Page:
Vancouver-based voice artist Ashleigh Ball has been the voice of numerous characters in classic cartoons such as Care Bears, Strawberry Shortcake, Cinderella and more. When Ashleigh was ... See full summary »
Dan Cohen, founder of the nonprofit organization Music & Memory, fights against a broken healthcare system to demonstrate music's ability to combat memory loss and restore a deep sense of self to those suffering from it.
Like many Palestinian families, the Amers live surrounded by the infamous West Bank Wall where their daily lives are dominated by electrified fences, locks and a constant swarm of armed ... See full summary »
We have documented an entire year in the lives of five real-bearded professional Santa Clauses to find out what the rest of the year is like for a man who perpetually looks like Jolly Saint... See full summary »
Set against the backdrop of the 80's music scene, this documentary charts the meteoric rise, fall and ultimate reunion of pop sensation, Spandau Ballett told by the band members themselves ... See full summary »
What do the films Casablanca, Blazing Saddles, and West Side Story have in common? Besides being popular, they have also been deemed "culturally, historically, or aesthetically significant," by the Library of Congress and listed on the National Film Registry. These Amazing Shadows tells the history and importance of The Registry, a roll call of American cinema treasures that reflects the diversity of film, and indeed the American experience itself. The current list of 525 films includes selections from every genre - documentaries, home movies, Hollywood classics, avant-garde, newsreels and silent films. These Amazing Shadows reveals how American movies tell us so much about ourselves...not just what we did, but what we thought, what we felt, what we aspired to, and the lies we told ourselves. Written by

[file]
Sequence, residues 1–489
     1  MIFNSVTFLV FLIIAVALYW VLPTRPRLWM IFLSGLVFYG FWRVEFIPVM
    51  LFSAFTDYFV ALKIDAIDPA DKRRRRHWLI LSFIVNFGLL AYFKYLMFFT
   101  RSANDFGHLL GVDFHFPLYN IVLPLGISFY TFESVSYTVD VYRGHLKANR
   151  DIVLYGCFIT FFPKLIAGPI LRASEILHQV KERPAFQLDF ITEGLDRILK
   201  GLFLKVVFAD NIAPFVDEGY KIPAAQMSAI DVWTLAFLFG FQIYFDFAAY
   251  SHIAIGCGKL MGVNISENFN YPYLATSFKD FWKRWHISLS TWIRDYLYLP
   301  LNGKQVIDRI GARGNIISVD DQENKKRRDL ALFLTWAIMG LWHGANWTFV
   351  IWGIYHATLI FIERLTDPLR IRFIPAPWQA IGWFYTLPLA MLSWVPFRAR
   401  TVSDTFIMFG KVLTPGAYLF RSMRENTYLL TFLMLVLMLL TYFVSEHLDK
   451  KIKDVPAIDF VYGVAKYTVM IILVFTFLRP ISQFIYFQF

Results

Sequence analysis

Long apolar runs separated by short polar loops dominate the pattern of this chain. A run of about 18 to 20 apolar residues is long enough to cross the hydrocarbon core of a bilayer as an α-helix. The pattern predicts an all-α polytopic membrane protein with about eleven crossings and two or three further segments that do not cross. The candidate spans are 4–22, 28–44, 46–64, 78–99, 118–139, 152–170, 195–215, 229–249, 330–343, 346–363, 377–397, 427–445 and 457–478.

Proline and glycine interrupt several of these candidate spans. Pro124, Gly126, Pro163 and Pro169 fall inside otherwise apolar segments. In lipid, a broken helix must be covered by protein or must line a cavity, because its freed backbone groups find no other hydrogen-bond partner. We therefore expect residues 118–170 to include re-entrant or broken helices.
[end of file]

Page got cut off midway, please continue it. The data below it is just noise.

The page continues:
Robin Blaetz, Chair of Film Studies, Mount Holyoke College, is the very first and very last interview subject seen on screen. See more »
There is nothing like going to a theater, a communal atmosphere, watching something that is bigger than life.
It's dark, you don't look at anybody...
And then the movie started, and it was really, really magical.
See more »
Wonderfully entertaining documentary taking a look at the National Film Registry, its history and what the group hopes to happen going forward. A brief history is given at the start of the movie but basically in the 1980s Ted Turner bought the MGM library and immediately started colorizing movies. Various Hollywood types including Woody Allen and James Stewart went to Congress to talk about the importance of movies and in 1989 this registry was formed so that we can save future generations movies. The only real negative thing that can be said about this film is that it's way too short even at 92-minutes. I think the most fascinating stuff happens early on when we see the history of the registry and we even get to hear how the twenty-five movies are selected each year. I think this here is the greatest part of the movie because we get to see what type of movies they're looking for and what it takes to get in. There's also an interesting topic going over preservation and why this here is so important and especially when you consider that 80% of silent movies are now lost. Rob Reiner, Christopher Nolan, John Waters, George Takei and Tim Roth are just a few of the famous faces on hand talking about preservation. Many others including people on the board are also interviewed and they talk about some of their favorite films as well as films that they got into the registry. We also have a section devoted to some of the controversial movies including THE BIRTH OF A NATION and THE SEARCHERS. Overall, this is a very entertaining documentary that film buffs are going to love and if you're new to classic cinema this will be a very good place to get some great recommendations.
3 of 5 people found this review helpful.
Was this review helpful to you?